Both Table 3 and Fig. 10 show that CWP in unstable environments tends to exceed CWP in stable environments for all values of maximum reflectivity. RWP, by contrast, is comparable in all environments for maximum reflectivities under 0 dBZ but again tends to be larger in unstable environments at maximum reflectivities above this value. The largest divergence in regime-based median RWPs occurs at reflectivities >10 dBZ, which occurs near the maximum range of valid W-band reflectivity measurements. This reflects the fact that CWP and RWP are sensitive to cloud thickness, and thicker clouds prevailed more often in unstable and marginally stable (EIS between 0 and 4 K) environments (Fig. 7 in D19). CWP values in excess of 150 g m−2 are measured frequently in all environments but are especially frequent in unstable environments.
A cloud containing a maximum reflectivity of −15 dBZ or greater (i.e., the onset of drizzle) will have a RWP of at least ∼1.5 g m−2. Conditional precipitation fractions computed from the WCOD dataset reveal that about 28 % of all cloudy profiles observed during ORACLES (detected by either the radar or the RSP) contained precipitation, with surface precipitation occurring around 9 % of the time. The precipitation fraction depends strongly on stability, with precipitation occurring nearly twice as often in unstable environments compared to stable environments (Fig. 11). Surface precipitation occurs less than 20 % of the time in unstable environments and less than 10 % of the time in stable environments.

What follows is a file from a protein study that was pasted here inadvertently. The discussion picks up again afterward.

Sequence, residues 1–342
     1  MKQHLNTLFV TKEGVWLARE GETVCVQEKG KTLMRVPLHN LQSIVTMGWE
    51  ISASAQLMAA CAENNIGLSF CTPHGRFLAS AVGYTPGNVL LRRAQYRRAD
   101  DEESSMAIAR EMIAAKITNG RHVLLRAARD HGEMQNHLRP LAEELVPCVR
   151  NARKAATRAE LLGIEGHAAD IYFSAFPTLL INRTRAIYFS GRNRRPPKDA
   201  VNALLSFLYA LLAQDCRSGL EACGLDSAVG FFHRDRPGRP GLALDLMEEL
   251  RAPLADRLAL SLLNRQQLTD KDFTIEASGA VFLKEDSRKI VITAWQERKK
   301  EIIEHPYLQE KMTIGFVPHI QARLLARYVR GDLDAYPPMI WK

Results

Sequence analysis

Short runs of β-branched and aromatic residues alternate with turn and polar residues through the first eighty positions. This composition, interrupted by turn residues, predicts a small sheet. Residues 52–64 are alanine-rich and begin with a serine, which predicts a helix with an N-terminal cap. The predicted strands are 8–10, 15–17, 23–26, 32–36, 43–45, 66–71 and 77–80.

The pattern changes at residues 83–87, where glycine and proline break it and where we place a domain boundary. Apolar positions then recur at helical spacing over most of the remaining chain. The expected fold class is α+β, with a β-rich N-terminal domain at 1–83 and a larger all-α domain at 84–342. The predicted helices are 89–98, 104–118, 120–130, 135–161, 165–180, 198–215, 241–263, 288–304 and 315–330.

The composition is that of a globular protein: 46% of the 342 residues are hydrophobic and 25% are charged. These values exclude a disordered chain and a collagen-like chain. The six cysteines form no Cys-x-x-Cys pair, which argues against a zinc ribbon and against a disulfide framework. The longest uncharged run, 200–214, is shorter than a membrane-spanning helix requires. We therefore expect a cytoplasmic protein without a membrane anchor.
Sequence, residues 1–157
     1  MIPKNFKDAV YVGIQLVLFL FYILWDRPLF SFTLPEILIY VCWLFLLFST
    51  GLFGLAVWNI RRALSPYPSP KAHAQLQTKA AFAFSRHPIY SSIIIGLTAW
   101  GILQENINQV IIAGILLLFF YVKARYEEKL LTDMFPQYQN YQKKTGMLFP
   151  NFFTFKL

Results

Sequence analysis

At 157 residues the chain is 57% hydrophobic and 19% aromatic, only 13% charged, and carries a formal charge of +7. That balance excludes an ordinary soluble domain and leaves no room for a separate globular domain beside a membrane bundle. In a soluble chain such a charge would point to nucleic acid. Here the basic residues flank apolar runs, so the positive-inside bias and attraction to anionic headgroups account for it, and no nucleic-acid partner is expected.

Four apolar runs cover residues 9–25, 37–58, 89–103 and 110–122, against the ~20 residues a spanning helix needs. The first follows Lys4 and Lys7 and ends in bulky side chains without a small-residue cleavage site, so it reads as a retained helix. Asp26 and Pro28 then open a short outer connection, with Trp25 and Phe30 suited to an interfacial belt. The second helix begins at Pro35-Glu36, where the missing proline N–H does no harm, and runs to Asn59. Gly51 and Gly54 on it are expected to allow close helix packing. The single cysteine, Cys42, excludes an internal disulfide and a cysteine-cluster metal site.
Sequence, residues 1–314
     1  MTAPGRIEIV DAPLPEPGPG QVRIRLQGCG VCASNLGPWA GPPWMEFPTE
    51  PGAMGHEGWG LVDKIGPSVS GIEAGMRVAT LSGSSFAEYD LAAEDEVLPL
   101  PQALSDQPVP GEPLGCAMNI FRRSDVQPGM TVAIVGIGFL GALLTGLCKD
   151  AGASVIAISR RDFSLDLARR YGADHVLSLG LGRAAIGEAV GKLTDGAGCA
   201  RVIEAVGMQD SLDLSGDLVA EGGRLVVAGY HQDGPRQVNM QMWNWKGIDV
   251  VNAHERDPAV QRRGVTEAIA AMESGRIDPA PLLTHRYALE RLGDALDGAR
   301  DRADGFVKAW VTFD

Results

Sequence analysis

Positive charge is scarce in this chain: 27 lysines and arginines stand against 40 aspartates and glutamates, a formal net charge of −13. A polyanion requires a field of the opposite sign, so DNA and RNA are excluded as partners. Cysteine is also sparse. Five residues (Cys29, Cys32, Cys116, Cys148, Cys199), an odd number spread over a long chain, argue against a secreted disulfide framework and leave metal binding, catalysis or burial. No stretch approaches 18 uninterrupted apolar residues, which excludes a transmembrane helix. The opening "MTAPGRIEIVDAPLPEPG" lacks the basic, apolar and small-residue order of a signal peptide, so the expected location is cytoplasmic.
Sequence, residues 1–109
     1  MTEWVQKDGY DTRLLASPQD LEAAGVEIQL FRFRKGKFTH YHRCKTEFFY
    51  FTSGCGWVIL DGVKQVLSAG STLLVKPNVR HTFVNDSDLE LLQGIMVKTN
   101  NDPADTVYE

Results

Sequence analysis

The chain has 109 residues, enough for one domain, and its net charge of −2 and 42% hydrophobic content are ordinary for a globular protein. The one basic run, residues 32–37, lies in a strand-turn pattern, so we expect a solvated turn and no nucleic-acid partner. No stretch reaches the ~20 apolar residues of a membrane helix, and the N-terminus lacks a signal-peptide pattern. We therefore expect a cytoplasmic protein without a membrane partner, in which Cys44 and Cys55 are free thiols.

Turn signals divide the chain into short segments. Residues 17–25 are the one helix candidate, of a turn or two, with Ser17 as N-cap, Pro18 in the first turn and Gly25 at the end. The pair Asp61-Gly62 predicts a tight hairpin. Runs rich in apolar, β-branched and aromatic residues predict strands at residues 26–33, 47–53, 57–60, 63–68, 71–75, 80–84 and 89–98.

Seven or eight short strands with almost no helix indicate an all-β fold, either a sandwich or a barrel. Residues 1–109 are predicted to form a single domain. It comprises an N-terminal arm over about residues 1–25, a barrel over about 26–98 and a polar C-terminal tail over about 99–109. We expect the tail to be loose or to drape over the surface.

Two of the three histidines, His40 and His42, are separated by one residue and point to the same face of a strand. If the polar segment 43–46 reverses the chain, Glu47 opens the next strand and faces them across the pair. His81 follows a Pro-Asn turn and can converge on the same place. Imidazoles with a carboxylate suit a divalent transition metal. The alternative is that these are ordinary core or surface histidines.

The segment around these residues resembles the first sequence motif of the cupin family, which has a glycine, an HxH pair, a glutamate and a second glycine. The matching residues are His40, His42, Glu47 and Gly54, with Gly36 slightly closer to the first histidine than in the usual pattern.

We emphasize that these statistics, with noted exceptions, include primarily drizzling scenes with some raining scenes. In addition to not detecting and/or screening out thin clouds, the APR-3 was often turned off in cases when extended clear-sky periods occurred. Lidar measurements offer another independent measure of cloud fraction, especially in situations where RSP data are unavailable. Thus, while this study focuses primarily on thicker clouds detected by the radar, these results should be combined with those from synergistic remote sensing instruments to completely characterize cloud and precipitation properties during ORACLES. Finally, although measurements and retrievals from the APR-3 or RSP do not suffer from aerosol-induced biases, cloud modifications via aerosol interactions remain an active topic of research. Most of the biomass-burning aerosol observed during ORACLES was located in the free troposphere (Diamond et al., 2018; Pistone et al., 2019; Das et al., 2020), meaning aerosol semi-direct effects almost certainly occurred. Changes to the thermodynamic structure of the atmosphere – beyond the EIS analysis presented here – will be required to disentangle other potential environmental controls on measured and retrieved cloud properties.